CONTROVERSIAL proposals which could see Barnet’s libraries shrunk and nearly half of staff axed have been referred to full council.

Protesters gathered outside Hendon Town Hall tonight, joined by a brass band, as Barnet Council’s children, education, libraries and safeguarding (CELS) committee met to discuss the cuts.

Under the plans, which are expected to save £2.27million by 2020, all 14 libraries will remain open, and hours will be extended through technology and leaving buildings unstaffed.

Staffed opening hours will be cut back by 70 per cent, and four libraries - Childs Hill, East Barnet, Mill Hill and South Friern – will be run by volunteers as ‘partnership libraries’.

The matter was referred to full council by Conservative councillor Reuben Thompstone, chairman of CELS, which means all councillors will vote on it.

Addressing the committee, campaigner Barbara Jackson accused the council of ignoring the public’s “overwhelming rejection” of the proposals, which offered a “ghost service”.

She added: “Do you have any idea how difficult it is to run a volunteer library? Have you asked the people of Friern Barnet what they have gone through to do that? And do you expect it to be replicated in four other neighbourhoods?”

Campaigner Keith Martin asked if the proposals amounted to a policy of “closure by stealth”, by running libraries down until there was no option but to close them.

Blogger Theresa Musgrove said data in the report was flawed, and added: “Yet again you are asked to approve further privatisations of public services. It is simply madness. Why are you so easily persuaded by your officers and the leagues of consultants that it is necessary to destroy our library service?”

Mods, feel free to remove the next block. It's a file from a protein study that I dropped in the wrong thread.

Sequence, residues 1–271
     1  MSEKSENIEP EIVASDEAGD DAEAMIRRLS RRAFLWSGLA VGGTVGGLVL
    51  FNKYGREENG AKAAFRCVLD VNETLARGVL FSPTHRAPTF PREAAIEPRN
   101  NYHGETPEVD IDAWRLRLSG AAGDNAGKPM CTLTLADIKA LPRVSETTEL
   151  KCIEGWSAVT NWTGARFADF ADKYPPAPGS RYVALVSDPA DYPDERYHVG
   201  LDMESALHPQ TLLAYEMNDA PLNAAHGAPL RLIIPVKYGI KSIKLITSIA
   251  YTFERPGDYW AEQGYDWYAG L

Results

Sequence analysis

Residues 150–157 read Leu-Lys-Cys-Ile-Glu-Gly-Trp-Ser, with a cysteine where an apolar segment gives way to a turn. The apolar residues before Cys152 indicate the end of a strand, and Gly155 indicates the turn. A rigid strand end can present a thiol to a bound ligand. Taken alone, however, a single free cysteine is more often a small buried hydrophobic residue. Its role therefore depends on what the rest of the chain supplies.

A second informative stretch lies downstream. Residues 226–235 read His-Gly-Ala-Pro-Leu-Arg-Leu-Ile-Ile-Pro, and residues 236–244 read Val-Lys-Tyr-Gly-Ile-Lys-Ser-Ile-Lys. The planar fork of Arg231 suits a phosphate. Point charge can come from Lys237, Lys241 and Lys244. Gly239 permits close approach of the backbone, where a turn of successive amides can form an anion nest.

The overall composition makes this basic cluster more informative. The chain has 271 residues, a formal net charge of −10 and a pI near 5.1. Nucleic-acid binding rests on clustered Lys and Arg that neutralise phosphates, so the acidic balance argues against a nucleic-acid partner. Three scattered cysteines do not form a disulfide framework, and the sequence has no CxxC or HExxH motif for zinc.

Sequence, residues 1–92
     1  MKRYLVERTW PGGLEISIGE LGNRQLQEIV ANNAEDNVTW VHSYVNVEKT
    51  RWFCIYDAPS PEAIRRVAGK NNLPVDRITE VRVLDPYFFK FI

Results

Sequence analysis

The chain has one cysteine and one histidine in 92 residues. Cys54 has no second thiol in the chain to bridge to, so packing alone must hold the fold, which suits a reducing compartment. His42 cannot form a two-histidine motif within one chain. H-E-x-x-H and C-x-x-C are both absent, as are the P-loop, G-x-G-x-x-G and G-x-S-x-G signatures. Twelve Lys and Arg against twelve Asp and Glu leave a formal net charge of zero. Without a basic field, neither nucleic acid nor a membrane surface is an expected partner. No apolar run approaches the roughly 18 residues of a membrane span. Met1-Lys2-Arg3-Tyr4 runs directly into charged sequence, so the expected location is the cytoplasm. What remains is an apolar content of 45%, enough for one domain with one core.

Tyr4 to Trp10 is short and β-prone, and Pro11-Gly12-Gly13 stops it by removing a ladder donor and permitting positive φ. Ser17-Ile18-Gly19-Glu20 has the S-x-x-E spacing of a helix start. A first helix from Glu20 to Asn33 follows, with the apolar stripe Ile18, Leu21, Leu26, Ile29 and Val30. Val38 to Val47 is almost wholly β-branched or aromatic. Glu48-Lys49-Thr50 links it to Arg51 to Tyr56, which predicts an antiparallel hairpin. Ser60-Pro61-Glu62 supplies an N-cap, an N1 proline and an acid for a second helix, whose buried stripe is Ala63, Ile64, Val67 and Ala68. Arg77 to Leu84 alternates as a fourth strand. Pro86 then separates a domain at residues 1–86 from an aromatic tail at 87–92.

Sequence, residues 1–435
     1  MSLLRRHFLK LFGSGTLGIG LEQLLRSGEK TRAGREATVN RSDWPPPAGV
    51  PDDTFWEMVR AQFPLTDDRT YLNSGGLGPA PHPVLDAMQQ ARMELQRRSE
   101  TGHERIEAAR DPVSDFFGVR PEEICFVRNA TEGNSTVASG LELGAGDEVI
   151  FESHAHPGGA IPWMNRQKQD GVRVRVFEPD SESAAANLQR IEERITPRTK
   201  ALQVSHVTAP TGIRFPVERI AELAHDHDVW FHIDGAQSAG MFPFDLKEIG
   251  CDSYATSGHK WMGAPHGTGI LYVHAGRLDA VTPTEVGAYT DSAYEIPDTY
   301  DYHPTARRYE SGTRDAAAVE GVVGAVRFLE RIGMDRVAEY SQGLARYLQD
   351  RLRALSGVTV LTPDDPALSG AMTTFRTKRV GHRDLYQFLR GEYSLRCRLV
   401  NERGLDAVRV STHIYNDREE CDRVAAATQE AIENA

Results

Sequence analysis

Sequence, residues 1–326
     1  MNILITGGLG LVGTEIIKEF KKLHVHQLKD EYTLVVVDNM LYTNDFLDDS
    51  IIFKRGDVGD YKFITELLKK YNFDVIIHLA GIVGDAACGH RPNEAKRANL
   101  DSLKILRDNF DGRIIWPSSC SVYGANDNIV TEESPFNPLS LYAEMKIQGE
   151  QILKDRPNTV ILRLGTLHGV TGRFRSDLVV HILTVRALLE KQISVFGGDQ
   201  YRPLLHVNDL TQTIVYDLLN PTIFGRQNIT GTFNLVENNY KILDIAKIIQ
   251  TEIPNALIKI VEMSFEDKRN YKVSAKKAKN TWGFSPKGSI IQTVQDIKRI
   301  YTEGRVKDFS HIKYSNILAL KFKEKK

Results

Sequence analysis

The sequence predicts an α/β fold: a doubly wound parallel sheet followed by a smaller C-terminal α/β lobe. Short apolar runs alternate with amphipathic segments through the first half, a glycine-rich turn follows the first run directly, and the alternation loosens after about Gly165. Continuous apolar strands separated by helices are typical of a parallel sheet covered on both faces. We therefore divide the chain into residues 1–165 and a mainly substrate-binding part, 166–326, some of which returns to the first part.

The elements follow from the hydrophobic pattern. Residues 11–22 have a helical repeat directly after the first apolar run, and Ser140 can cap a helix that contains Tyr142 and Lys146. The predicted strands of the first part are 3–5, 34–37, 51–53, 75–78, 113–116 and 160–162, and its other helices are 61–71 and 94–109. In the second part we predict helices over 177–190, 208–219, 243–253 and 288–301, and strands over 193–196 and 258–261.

Cllr Thompstone said he had received a number of emails from residents which showed a “great appetite for volunteering”, and said there would be further public consultation.

He said: “There are no easy choices or decisions in Barnet. We are not alone in the challenges we face – in Brent, Harrow, Camden, libraries are closing.

“With respect to the savings target, they were unanimously agreed."

Three options were originally laid out for public consultation, which included closing libraries, reducing them in size or using volunteers to run the service.

Conservative councillor Helena Hart said: “As a member of the committee who did not support any of the three original proposals, I would very much like to welcome that we have moved away from any closures of the libraries. I think these are far better options. There is no utopia, and there is no money.”

Labour councillor Ammar Naqvi said: “I can only surmise it is a slow degradation of the library service. The primary thing we are being asked is to go out and consult. I have absolutely no faith in the consultation process.”

Cllr Naqvi said any “reasonable individual”, having looked at the three options, would have assumed they had to choose one.

Officer Val White replied: “Which is why we put in the questions around coming up with alternative proposals. A whole lot of work went into doing focus groups, activities and events.”

Discussing security at unstaffed libraries, Val White also said CCTV was not monitored live, but was used “to demonstrate to users there will be evidence”.

Onlookers shouted from the packed public gallery: “What use is evidence when it has already happened?”

Councillor Anne Hutton, Labour’s libraries spokesman, said: “I cannot find any local authority that is trying to take so much out of its library budget. This is more than 50 per cent Barnet is proposing to take out of its library budget and I just don’t think we can have a sustainable library service with that.

“I just feel we are rushing too much to do this and I feel we need to take a second look at this.”

Councillor Dan Thomas, Conservative deputy leader of the council, said: “All the Labour boroughs are actually shutting libraries and we are proposing keeping them open as best as we can.”